When Howard Wright decided to introduce a unique project, it caught the interest of his students and drew participation from another Catholic school across town.
Wright, a dentist-turned-chemistry teacher at the all-boys Chaminade High School in St. Louis, presented his students with the opportunity to apply their knowledge of chemistry to a project designed to build awareness of the human fetus.
“I wanted to teach chemistry, but I wanted to put something important into the curriculum,” Wright said. “Some people think that science and religion are diametrically opposed, but the more I get into science, the more I see what a great work of God science is.”
The effort included teacher Liz Miller and her religion class at Notre Dame High School, an all-girls school. “The project provided a great opportunity to discuss abortion,” Miller said. “We have a responsibility as Catholic educators to help our students understand.”
According to Wright, the intent of the assignment was not to argue abortion but to find a commonality between disciplined Euclidean science and the Church’s view on the humanity of the fetus.
Michael Corte, chair of the theology department at Chaminade High School, was impressed with his colleague’s ability to connect with his students and engage them in the project. “The greatest thing about it is that it took a science discussion and a theological discussion and put them together,” Corte said. “Interdisciplinary investigation doesn’t usually happen.”
“The assignment was talked about among the other teachers,” Corte said. “It opened up possibilities for me. I could work with other schools too.”
Wright’s chemistry students approached the nature of the fetus armed with their knowledge of science, including the unique character of the fetus’ hemoglobin, DNA and chromosomes.
Miller’s religion class examined the issue from a theological perspective using Scripture, papal documents and Catholic doctrine.
The project required the students to write a paper to explain to a member of the other class how the fetus is an independent living person. With names withheld, papers were exchanged between the two classes, and each student composed a response to the paper he or she received.
Reading what their counterparts had written was an eye-opening experience for both classes. “One of the Chaminade boys wrote, ‘The girl is able to speak from the heart, as she knows that she herself may become pregnant someday. I could never have this point of view,’” Wright said. “In contrast, the boys spoke of the issues often in the third person.”
Both groups of students concluded that an unborn baby is human. The chemistry students arrived at this conclusion based on scientific facts, including fetal perception of pain and the discovery of an enzyme produced by the fetus which scientists believe prevents the mother’s body from rejecting it.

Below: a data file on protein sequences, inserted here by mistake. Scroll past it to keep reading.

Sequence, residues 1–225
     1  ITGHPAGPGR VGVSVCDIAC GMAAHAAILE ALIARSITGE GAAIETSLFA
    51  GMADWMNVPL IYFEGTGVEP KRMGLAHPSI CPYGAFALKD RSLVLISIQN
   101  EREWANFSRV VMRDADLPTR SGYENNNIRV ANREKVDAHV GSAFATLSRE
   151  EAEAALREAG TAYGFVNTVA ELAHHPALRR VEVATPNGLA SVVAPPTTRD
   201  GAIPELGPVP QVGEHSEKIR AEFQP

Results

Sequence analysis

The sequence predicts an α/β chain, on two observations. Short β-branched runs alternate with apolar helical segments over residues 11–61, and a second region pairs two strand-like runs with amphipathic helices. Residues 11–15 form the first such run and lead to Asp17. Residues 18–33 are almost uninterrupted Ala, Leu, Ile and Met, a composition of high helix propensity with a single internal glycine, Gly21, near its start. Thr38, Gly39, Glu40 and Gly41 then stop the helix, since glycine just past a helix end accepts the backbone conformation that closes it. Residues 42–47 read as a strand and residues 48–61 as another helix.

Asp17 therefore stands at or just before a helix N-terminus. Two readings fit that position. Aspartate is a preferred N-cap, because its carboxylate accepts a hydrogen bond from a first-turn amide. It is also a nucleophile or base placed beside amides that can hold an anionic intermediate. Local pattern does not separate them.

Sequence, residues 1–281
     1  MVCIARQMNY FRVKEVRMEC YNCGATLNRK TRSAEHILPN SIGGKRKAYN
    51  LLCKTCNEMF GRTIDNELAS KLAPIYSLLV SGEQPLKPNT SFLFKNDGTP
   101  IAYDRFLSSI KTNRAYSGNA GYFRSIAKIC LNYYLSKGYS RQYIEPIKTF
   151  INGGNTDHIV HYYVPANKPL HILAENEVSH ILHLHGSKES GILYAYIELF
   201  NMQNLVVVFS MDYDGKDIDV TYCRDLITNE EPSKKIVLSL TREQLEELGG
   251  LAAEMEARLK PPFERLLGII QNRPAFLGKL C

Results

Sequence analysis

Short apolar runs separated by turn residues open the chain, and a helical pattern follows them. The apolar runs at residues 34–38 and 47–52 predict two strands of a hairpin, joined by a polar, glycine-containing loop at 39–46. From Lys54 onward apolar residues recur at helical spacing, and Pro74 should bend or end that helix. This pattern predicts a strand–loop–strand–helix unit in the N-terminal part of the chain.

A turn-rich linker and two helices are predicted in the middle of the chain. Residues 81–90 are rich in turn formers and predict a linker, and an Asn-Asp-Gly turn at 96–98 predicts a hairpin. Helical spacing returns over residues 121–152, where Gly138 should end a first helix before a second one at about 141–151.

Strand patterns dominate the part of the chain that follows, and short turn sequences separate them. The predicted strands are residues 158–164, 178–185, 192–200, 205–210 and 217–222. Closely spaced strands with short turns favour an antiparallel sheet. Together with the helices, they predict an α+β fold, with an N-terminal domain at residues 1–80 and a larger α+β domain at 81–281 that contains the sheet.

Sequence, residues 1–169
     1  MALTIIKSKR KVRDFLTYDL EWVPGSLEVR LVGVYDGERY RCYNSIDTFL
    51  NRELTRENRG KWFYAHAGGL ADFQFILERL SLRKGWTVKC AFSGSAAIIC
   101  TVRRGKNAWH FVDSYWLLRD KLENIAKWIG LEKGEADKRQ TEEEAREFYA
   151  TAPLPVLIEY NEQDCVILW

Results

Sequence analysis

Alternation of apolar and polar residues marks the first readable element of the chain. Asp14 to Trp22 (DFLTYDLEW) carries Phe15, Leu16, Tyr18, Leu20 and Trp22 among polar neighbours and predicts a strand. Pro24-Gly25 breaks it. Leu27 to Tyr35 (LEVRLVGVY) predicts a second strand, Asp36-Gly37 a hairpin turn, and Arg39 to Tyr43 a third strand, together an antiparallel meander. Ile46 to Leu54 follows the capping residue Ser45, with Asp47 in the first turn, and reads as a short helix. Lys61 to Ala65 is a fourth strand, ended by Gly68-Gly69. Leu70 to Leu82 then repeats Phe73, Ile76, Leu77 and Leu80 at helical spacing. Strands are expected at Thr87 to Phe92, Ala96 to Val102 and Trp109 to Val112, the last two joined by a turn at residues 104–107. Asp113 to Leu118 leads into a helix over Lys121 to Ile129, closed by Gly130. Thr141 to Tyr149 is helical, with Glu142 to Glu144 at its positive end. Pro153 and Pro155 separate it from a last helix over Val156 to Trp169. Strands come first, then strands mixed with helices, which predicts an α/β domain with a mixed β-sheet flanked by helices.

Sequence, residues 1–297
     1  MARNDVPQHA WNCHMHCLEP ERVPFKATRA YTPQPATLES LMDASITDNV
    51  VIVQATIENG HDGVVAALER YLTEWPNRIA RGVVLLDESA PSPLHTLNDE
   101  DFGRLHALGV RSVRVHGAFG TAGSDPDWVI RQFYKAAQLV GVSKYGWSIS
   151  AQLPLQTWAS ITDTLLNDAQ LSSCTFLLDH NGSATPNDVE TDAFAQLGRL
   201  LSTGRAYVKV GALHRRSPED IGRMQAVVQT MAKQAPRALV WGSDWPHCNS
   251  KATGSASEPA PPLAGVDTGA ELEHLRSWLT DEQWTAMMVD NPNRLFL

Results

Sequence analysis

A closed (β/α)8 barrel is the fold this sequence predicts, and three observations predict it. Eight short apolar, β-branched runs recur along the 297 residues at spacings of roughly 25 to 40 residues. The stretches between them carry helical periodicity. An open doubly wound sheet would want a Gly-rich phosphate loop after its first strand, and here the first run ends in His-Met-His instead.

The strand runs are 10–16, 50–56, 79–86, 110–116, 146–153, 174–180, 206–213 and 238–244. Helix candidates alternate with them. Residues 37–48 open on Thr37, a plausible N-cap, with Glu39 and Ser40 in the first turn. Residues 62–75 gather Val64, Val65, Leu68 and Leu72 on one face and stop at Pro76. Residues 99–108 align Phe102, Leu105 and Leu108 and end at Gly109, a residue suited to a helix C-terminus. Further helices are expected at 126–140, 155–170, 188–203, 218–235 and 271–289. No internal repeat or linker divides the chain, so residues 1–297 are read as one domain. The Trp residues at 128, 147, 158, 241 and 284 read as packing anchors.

The students in Miller’s religion class reached the same conclusion from a moral and theological perspective.
Bringing students from the schools together to study the issue from different perspectives highlighted for everyone how seamlessly the scientific precepts commingle with the faith, Wright said.
One Notre Dame student remarked that she was amazed how her paper compared to the Chaminade student’s paper. “I knew science and religion had related views about when life is really formed, but I did not realize how similar they actually were,” the student said, according to Wright.
The boys’ defense of the status and rights of the fetus as a human being surprised the girls. “In a same-sex environment, the girls don’t always know how and what boys think,” Miller said. “It was a new idea for them: that the guys would care about a fetus. The biggest thing was understanding that abortion is a man’s issue too. Their perception was that abortion is a woman’s issue. I was reminded that we have a lot of work to do with our students.”
Chaminade student Matthew Gauvain was glad to learn that others were opposed to abortion. “I was surprised that there were so many people who think the same as me,” he said. “It caught me off guard.”
Overall, students responded to the assignment in a positive way. “One of my students said, ‘It was one of the best assignments I’ve ever had in high school,’” Wright recalled. “It made the kids really think.”
Both teachers had the approval of their respective school’s administration for the joint project and plan to incorporate the assignment into future classes. Wright recalled a prayer of Blessed William Joseph Chaminade, the founder of the Brothers of Mary and the patron saint of Chaminade High School: “Help us ponder your designs in our hearts.”
This unique and engaging interschool class project led students to do just that.
Laurie Ghigliotti writes
from Atchison, Kansas.